Miklós Rózsa came up twice so far, and another score I've recently had a chance to rediscover was his music for Ivanhoe. Reconstructed by Daniel Robbins, Bruce Broughton conducted the Sinfonia of London for this recording, and it was the first release in Intrada's Excalibur line, which has thus far produced two other similarly splendid recordings, Julius Caesar, another Rózsa score (the FSM release of the original soundtrack is very good, but I like the Excalibur edition better - that reminds me, I have to load it onto the iPod) and Bernard Herrmann's Jason and the Argonauts. This was all class, great sound, the excellent performance, and damn it, I think that this is the Rózsa score I find the most fun.
I always found that book rather frustrating. It's such a wonderful read - Scott's use of language is hypnotic, and it kind of makes you wish that people really spoke like that - but at the end of it I had to go back and re-read much of it to make sure... Ivanhoe doesn't really do anything. He spends most of the book laid up, and when he comes out to do battle with his foe, his foe just dies of shame. What the hell is that about? I mean, Wamba is more heroic than Ivanhoe, but the book isn't named after him. Oh, yeah, and I was kind of annoyed by the Anti-Semitism in the book as well. Don't get me wrong, the prose is gorgeous. I even filled out some time sheets with it a few times (my foreman was not amused) but the story... I've never seen any of the filmed versions of the book, but the Rózsa's score makes the 1953 version sound like a real blast.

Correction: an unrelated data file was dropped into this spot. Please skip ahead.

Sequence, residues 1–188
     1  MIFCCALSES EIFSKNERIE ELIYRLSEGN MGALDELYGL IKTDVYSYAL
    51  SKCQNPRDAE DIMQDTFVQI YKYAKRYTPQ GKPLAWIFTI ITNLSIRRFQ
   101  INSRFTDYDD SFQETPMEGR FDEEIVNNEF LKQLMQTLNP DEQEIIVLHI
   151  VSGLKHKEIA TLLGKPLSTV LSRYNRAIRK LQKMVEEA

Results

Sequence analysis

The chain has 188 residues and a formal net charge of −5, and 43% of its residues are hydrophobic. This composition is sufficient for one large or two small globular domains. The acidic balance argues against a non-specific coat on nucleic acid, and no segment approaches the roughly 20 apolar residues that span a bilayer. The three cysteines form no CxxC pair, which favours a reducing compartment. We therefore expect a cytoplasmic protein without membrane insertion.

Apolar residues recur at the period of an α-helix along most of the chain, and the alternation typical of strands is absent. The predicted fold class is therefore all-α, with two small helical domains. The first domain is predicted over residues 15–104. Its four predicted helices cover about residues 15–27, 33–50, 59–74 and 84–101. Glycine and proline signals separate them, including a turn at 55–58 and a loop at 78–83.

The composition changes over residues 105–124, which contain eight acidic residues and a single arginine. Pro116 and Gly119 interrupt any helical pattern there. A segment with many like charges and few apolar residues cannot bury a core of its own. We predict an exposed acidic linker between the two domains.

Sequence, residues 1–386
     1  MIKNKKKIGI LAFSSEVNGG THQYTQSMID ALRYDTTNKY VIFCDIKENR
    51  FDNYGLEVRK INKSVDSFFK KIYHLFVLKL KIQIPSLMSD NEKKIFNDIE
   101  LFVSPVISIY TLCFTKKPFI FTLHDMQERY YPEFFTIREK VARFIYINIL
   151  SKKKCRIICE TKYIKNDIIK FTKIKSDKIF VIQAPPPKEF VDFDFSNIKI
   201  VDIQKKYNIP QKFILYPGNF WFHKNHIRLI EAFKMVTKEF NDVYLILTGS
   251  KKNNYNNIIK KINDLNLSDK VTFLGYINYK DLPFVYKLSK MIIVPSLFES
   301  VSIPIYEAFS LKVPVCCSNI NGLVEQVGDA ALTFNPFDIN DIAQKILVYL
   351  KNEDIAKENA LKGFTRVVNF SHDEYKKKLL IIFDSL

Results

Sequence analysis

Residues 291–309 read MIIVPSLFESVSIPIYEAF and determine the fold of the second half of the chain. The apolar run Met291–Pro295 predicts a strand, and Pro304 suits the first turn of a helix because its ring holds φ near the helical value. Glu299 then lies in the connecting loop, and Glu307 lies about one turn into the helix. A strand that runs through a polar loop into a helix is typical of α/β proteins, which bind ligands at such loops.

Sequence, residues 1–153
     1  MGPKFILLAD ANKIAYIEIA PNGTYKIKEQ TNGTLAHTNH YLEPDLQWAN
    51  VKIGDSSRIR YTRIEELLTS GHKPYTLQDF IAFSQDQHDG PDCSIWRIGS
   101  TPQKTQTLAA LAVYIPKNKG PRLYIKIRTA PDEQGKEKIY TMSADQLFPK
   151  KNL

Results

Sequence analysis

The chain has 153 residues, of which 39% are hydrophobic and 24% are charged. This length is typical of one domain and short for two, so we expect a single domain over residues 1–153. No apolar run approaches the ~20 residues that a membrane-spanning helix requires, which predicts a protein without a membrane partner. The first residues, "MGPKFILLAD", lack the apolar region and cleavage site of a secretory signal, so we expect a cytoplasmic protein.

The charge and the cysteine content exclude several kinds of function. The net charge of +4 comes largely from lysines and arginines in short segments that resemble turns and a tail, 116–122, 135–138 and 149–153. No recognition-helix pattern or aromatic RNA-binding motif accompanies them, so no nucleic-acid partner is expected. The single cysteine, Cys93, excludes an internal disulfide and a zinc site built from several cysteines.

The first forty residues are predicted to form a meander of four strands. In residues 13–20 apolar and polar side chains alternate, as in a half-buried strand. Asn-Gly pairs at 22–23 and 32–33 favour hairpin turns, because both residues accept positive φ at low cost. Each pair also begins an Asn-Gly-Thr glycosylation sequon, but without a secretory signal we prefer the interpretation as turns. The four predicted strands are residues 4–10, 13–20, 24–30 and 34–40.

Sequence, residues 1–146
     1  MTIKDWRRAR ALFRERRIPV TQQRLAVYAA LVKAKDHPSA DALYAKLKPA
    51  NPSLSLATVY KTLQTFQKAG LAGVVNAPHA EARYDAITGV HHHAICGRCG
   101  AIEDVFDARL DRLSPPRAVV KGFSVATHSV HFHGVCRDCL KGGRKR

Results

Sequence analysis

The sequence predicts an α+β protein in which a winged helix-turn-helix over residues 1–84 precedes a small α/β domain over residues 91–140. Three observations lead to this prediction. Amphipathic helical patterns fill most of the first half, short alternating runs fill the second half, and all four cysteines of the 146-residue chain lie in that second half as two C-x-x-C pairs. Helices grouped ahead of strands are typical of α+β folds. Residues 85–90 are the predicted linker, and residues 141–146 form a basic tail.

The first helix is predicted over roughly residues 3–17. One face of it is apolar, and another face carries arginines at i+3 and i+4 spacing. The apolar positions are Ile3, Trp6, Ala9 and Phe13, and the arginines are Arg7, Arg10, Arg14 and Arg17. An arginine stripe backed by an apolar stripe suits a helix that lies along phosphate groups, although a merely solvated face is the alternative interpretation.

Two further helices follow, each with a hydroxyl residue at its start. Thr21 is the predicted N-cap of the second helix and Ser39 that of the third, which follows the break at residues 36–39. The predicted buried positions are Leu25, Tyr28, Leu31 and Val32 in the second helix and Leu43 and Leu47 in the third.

I also loaded a bunch of Charles Gerhardt's RCA Victor recordings. I just put on the suite from Max Steiner's glorious score from The Adventures of Don Juan (you've heard parts of it in Zorro the Gay Blade and The Goonies as well). I love that "Processional" piece. Reminder to self: load the BYU disc of the original soundtrack into the iPod as well. I think I need to be putting in Franz Waxman's Prince Valiant in as well. And Victor Young's Scaramouche. Hmm...I think I see a pattern developing here.
I have the Marco Polo recording of Erich Wolfgang Korngold's The Adventures of Robin Hood on DVD-Audio. It sounds thunderous, it's played so enthustiastically that I have never regretted buying it. That is, until I realized that I had no way of ripping the DVD-Audio tracks to the mp3 format. Anybody know of a way of going about doing this...?
this immortal scene of motherliness:
NO WIRE HANGERS!!!